- Posted by Johanna on February 20, 2014 at 7:38 am
- Category: Digital and Webcomics
This isn’t a surprise. It took them longer than expected to get off the ground, and with ComiXology’s early lead in digital distribution, including its own retailer offering, there was a lot of competition. One of the big issues was that DC and Marvel had contracts with ComiXology and weren’t available for Diamond to offer. Those publishers are the two biggest reasons customers think of or shop in the direct comic shop market, so that was a noticeable gap.
The program was only available to physical comic stores. Diamond partnered with iVerse to offer the service, but the question was always “why would I go through a comic store to buy digitally?” The point of digital is that it’s available anywhere, any time, and the Diamond Digital program seemed to exist not because the established monopoly distributor thought it was a valuable service, but to maintain their market dominance. The official reason given for the shutdown was “18 months after its launch, results indicate that Diamond Digital has not gained enough traction in the marketplace to continue.” Comics purchased will remain available to readers through the Comics Plus app.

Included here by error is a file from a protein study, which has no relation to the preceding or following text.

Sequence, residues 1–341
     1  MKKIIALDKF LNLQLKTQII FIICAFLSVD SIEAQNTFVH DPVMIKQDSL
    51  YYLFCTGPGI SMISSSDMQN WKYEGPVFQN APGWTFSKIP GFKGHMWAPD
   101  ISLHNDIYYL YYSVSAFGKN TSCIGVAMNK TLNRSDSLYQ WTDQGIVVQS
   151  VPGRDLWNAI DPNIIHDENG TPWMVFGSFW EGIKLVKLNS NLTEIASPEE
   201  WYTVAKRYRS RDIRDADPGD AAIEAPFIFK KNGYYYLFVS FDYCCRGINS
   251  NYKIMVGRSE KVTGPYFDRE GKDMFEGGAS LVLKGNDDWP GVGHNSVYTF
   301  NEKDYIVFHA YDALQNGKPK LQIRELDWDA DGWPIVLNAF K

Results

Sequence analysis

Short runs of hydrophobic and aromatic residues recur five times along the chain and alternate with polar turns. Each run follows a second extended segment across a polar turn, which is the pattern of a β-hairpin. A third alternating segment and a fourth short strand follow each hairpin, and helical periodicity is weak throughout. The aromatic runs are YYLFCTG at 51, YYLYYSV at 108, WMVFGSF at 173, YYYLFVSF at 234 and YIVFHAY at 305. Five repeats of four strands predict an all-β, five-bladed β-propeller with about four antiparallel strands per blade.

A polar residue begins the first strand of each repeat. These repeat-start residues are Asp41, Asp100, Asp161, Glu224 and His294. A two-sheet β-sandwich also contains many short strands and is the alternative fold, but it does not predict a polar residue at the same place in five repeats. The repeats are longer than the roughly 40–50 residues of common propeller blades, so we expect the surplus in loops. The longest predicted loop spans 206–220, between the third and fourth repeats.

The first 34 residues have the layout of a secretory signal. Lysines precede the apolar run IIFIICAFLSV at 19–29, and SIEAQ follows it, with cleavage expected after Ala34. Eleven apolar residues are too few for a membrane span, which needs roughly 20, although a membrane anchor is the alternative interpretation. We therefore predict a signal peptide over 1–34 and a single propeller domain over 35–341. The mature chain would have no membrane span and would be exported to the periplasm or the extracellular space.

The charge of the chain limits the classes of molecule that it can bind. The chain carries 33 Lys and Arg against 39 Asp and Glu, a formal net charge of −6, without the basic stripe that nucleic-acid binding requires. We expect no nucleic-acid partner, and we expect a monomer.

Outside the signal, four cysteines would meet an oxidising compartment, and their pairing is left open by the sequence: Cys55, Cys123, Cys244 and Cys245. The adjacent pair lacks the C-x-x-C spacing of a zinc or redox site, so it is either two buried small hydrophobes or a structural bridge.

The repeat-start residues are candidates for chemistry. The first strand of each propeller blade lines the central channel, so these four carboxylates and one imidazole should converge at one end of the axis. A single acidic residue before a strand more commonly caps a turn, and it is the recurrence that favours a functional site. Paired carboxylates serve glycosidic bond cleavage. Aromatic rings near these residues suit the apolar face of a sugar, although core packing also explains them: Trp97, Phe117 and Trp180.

Update: Brigid Alverson has great analysis as to why the project never worked.
…the initial concept was flawed. The idea wasn’t to provide readers with a simple, easy-to-use digital comics service; it was to protect brick-and-mortar retailers by providing them with a digital comics service that wouldn’t compete with them. That drive to avoid competition resulted in a clunky and almost-unusable platform. Meanwhile, comiXology took a different tack and expanded the comics market, bringing in new readers — who then found their way to comics shops and bought print comics.
Of course, the biggest problem operationally was that Diamond Digital catered to a market dominated by Marvel and DC but didn’t carry single-issue comics from either publisher.
…protectionism trumps logic. At some point after February 2011 (and this is where the delay really becomes a factor) everyone decided that to protect retailers, digital comics would be sold at the print cover price for the first couple of months (and in a lot of cases, that price never goes down). That’s the paradigm, and it’s working great for comiXology, but two years ago, you might have lured readers away with that discount, if you could negotiate it and if you could get Marvel and DC on board. Those are two big ifs, but the fact of the matter is, there was no discernible benefit to retailers to offering that discount — it would just undercut print sales.